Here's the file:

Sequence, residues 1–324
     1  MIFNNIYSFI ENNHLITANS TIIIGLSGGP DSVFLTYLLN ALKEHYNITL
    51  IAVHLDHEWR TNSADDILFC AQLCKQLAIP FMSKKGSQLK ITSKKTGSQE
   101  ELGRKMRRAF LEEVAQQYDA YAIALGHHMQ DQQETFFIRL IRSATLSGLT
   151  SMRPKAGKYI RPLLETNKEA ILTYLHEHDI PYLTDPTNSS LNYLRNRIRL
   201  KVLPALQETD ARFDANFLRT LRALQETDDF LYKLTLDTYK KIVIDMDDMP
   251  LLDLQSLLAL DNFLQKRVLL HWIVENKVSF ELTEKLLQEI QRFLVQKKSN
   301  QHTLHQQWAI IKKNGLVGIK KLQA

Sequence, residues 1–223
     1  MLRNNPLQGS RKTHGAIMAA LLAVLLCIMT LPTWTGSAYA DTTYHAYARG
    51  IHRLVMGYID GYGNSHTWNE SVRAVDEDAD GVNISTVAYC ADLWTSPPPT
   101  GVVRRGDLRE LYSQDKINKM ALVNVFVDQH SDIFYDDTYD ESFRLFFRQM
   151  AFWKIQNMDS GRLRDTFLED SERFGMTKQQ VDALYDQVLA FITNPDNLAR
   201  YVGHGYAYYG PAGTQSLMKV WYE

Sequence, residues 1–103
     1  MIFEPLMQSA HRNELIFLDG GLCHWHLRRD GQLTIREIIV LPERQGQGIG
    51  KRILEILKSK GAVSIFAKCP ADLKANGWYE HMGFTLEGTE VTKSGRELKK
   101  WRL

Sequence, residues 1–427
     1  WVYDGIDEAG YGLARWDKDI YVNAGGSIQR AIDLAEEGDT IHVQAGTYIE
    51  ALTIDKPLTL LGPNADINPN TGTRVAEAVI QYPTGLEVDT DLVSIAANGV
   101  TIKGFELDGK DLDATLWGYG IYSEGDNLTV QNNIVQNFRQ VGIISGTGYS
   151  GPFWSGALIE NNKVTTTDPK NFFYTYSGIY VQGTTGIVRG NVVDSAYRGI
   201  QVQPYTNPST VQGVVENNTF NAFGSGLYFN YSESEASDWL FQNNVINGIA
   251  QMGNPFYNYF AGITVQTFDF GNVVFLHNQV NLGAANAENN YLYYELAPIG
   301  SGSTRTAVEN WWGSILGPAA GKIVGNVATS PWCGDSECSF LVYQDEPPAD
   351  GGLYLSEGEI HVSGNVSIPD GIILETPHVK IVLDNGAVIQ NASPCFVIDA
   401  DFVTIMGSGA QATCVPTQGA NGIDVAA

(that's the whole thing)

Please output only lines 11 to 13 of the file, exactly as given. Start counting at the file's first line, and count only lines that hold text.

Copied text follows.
    51  IHRLVMGYID GYGNSHTWNE SVRAVDEDAD GVNISTVAYC ADLWTSPPPT
   101  GVVRRGDLRE LYSQDKINKM ALVNVFVDQH SDIFYDDTYD ESFRLFFRQM
   151  AFWKIQNMDS GRLRDTFLED SERFGMTKQQ VDALYDQVLA FITNPDNLAR